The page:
Friday, April 15, 2016

Screening Mammogram, One Step Away From Breast Cancer

The Mammogram machine


In the past two weeks, I have done two visits for my regular well woman examinations.  Last Friday was the pap-smear procedure, and this Friday morning was the mammogram procedure. I have been doing a routine pap smear  since I had a baby over nine years ago, and the mammogram since I turned 40, two years ago.

In America, breast cancer is considered as the number two killer in women after heart disease. Therefore; doctors, the government, the American Breast cancer foundation, and health providers have been boosting awareness in encouraging women, especially those who have breast cancer history in their family and women over 40, to get routine mammogram screening.

My mother had a history of cyst when she was 40 years old and it was removed from her breast. Less than two years after that, I discovered that I had the same diagnosed when I was only 17 years old. I first discovered a little lump on my right breast when I was 16 years old but I was too embarrassed to tell anyone. Not until a year later, I realized the lump became bigger, I freaked out and I told my mom. She rushed me to see a doctor the next day and I went on surgery two days after that. Both of us are very grateful that the cyst is not cancerous. I remembered how scared my mother and I were at that time. I think she was scared and concerned more for me than she ever had for herself. At some point, she felt guilty, thinking she's the one who passed it onto me.

What are the risk of Asian woman like me to get breast cancer? In the past, breast cancer occurred less in Asian women compared to Western women, and research says the reasons might be because Asian women tend to eat more fresh vegetables, they are able to maintain their weight, they exercise more and they drink less alcohol and they do not smoke.
Based on the studies done by global Breast Cancer Association, breast cancer is now being diagnosed frequently among Asian women, especially among younger women. The possible increase in breast cancer diagnoses among Asian women can be caused by:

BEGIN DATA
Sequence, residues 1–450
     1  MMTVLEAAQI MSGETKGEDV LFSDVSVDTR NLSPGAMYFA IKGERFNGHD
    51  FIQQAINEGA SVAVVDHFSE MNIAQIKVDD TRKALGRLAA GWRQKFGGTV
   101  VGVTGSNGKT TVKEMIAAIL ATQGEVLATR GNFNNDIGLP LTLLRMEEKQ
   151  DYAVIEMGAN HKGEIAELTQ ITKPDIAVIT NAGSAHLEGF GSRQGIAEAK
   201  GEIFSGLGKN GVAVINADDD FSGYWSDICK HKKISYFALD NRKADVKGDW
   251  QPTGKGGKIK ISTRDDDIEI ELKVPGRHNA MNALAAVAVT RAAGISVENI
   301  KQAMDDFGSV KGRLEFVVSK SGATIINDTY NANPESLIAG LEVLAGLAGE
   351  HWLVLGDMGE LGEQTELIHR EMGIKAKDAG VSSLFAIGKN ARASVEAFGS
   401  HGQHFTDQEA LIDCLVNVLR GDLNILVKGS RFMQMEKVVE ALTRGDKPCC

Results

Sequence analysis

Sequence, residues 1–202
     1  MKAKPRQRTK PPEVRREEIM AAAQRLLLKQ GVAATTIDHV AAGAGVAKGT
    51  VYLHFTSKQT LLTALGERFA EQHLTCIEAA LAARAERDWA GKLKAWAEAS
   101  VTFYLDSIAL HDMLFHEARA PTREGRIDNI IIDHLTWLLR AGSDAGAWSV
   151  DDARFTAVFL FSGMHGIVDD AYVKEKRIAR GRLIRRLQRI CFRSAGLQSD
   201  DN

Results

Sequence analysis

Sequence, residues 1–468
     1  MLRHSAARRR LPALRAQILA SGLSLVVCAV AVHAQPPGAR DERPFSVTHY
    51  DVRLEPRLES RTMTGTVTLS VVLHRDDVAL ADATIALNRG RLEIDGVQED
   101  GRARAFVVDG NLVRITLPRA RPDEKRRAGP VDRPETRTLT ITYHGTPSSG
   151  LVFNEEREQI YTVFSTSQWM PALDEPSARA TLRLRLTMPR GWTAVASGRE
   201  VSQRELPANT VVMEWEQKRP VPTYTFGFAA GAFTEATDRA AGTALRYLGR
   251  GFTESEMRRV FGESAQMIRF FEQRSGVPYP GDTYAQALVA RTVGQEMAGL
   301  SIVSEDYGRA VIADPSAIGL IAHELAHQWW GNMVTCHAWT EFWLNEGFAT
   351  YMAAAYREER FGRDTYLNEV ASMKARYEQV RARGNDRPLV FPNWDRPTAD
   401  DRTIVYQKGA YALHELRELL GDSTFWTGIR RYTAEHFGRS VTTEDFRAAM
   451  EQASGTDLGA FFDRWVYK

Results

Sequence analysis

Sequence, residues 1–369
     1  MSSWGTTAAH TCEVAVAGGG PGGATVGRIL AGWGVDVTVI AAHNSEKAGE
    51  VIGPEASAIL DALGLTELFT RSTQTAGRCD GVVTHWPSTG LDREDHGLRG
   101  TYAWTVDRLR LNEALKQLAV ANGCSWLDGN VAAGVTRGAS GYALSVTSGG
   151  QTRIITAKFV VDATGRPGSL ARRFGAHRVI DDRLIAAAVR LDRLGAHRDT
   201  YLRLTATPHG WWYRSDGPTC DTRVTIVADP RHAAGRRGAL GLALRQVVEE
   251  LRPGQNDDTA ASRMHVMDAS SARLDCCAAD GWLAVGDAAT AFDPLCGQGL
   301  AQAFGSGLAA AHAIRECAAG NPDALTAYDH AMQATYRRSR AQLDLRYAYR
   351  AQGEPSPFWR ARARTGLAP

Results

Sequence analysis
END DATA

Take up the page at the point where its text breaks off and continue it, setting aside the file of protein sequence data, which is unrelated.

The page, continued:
1. More younger women in Asia adopting typical Western diet and life style
2. Environmental factors such as higher levels of pollutions as a result of rapid industrial growth
3. 70% of women in Asia don't get regular mammograms.

Being Asian myself and having to hear many stories about friends of a friend in Indonesia who got defeated by breast cancer, has raised me a concern. When I was in college, that was back in 1995, a mother of my friend died after a long battle with breast cancer. That was the first victim of breast cancer that I knew and since then, I heard more and more stories about friends and friends of friends who lost their battle to breast cancer.

At my mammogram appointment this morning,  I met a woman, maybe a few years older than me, who was diagnosed with breast cancer. When I got back home, I've decided to share a little information about the importance of routine mammogram for our well being and hopefully in a different occasion I can share the importance of cervical screening. This writing is done especially for you, my fellow Indonesian women. Those of us in Indonesia mostly are not well aware of the importance of the cervical and breast screening.

The dressing room before I headed to the mammogram lab


Screening Mammogram

What is it? A screening mammogram is an X-ray of the breast cancer that is given to woman who has no clear signs of symptoms of breast cancer. It is important to distinguish between screening mammogram and diagnostic mammograms. Diagnostic mammograms are used to diagnose women who have specific signs or symptoms. Any woman who notices a lump in her breast, discharge from the nipple, or other skin changes on her breasts should seek care as soon as possible, and not wait for a routine screening mammogram or physical exam.

Who should get screening mammogram?

Women at higher risk of breast cancer, such as those with a personal history of breast cancer, or an abnormal biopsy result, should have a screening mammogram every year.  Women who has personally history of breast cancer (mother, sister or daughter) should have screening mammogram  as early as age 35. Women with no high risk of breast cancer should have routine screening mammogram, every two year, when they reach the age of 40. You should always ask and please please never hesitate or be embarrassed to tell your doctor if you find something unusual is happening to your breasts.